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(07) 3105 7800
Turrbal and Jagera Country
Level 4, 348 Edward Street
Brisbane QLD 4000
It is my observation that there are a range of reasons we are experiencing shortages of health workforce across Australia, and specifically remote and rural Queensland. It is clear that the current policy settings, fragmented funding arrangements (Medicare freeze) and the split governance and accountability between the State and Federal governments require significant reform to ensure that we, as a country, can care for those needing primary health care.
COVID-19 has also impacted on the supply of health workforce so we must find alternative and innovative models of health care and service delivery arrangements to meet these significant challenges.
Health Workforce Queensland is collaborating with a number of stakeholders to explore alternative and innovative health workforce strategies. We are also beginning to explore technologies that can provide improved primary health care services for remote and rural communities.
Our annual Health Workforce Needs Assessment (HWNA) report has just been released. With a focus on the primary health care landscape, the HWNA identifies high priority locations, professions and workforce requirements to develop and support evidence-based and effective models of service delivery in remote and rural Queensland. This report guides our efforts to where these are most needed. You can read this report on our website.
Rural Doctors Association of Queensland, Rural Doctors Foundation and Health Workforce Queensland, Memorandum of Understanding (MoU)
A triparty Memorandum of Understanding (MoU) between Health Workforce Queensland, Rural Doctors Association of Queensland and Rural Doctors Foundation Ltd was signed at RDAQ 2022 on 13 June 2022.
The MoU seeks to provide the framework to enable strategic partnership approaches on health workforce development and support activities specifically, future workforce, international medical graduates, communities of concern and family supports. See picture below.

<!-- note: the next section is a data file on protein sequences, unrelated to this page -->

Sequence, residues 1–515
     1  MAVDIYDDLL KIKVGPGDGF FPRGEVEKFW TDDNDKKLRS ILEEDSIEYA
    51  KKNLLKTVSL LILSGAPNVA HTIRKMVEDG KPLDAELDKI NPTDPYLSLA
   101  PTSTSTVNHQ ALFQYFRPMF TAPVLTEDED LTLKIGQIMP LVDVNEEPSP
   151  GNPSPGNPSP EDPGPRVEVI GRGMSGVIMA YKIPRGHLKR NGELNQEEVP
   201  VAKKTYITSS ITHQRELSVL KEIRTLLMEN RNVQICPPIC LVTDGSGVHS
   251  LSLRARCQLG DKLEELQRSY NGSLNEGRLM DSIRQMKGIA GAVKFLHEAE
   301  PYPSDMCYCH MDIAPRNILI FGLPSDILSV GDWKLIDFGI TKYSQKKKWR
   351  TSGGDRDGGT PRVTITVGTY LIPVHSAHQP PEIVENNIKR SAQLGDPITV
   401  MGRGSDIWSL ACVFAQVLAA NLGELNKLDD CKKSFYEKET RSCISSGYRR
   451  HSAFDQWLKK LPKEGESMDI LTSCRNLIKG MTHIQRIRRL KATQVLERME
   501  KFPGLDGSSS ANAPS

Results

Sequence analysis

DPA changes and impact on remote and rural communities
The Hon Mark Butler MP, Minister for Health and Aged Care, recently announced an update to the Distribution Priority Area (DPA) classification system to include automatic DPA classification to all areas classified as Modified Monash (MM) 2. This means that all MM2 to MM7 areas are now automatically classified as a DPA.
The extension of the DPA classification system will have a negative impact on remote and rural communities as doctors can secure placements in large regional and some outer-metropolitan areas. I acknowledge the health workforce shortages across outer-metropolitan areas however remote and rural communities have had a significant struggle over the past 30 years to attract and retain doctors. We will monitor the impact this change will have on remote and rural communities and will provide evidence to the Minister for Health and Aged Care and Department of Health officials.
National Rural Health Alliance Conference (NRHC 2022)
The National Rural Health Alliance Conference was held in Brisbane from 2 to 4 August 2022. It was a wonderful opportunity to gather with a broad range of rural health professionals, community leaders and rural health professional organisations to share and explore opportunities for improving health workforce and health care delivery in rural Australia.
Meredith Connor, Team Leader Future Workforce, and David Wellman, Senior Data Analyst, presented on GROW Rural: evaluation of an innovative inter-disciplinary rural immersion program. Sarah Venn, Executive Manager Workforce & Service Planning presented a poster on Collaboration and commitment: keys to progressing innovative workforce strategies.
CEO, Health Workforce Queensland
Image - Signing of the Memorandum of Understanding (MoU) between Rural Doctors Association of Queensland, Rural Doctors Foundation and Health Workforce Queensland.